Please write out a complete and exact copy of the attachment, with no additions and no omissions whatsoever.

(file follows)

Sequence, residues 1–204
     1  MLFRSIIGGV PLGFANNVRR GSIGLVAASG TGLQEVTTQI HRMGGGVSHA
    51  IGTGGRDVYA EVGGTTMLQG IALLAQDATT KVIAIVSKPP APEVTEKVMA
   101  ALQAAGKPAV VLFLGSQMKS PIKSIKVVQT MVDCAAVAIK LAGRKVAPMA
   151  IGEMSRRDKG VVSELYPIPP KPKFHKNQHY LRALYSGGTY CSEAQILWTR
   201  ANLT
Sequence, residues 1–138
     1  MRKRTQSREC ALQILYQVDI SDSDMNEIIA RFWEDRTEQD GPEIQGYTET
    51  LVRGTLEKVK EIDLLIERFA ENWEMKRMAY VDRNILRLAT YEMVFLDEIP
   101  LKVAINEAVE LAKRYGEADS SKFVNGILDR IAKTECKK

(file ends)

Sequence, residues 1–204
     1  MLFRSIIGGV PLGFANNVRR GSIGLVAASG TGLQEVTTQI HRMGGGVSHA
    51  IGTGGRDVYA EVGGTTMLQG IALLAQDATT KVIAIVSKPP APEVTEKVMA
   101  ALQAAGKPAV VLFLGSQMKS PIKSIKVVQT MVDCAAVAIK LAGRKVAPMA
   151  IGEMSRRDKG VVSELYPIPP KPKFHKNQHY LRALYSGGTY CSEAQILWTR
   201  ANLT
Sequence, residues 1–138
     1  MRKRTQSREC ALQILYQVDI SDSDMNEIIA RFWEDRTEQD GPEIQGYTET
    51  LVRGTLEKVK EIDLLIERFA ENWEMKRMAY VDRNILRLAT YEMVFLDEIP
   101  LKVAINEAVE LAKRYGEADS SKFVNGILDR IAKTECKK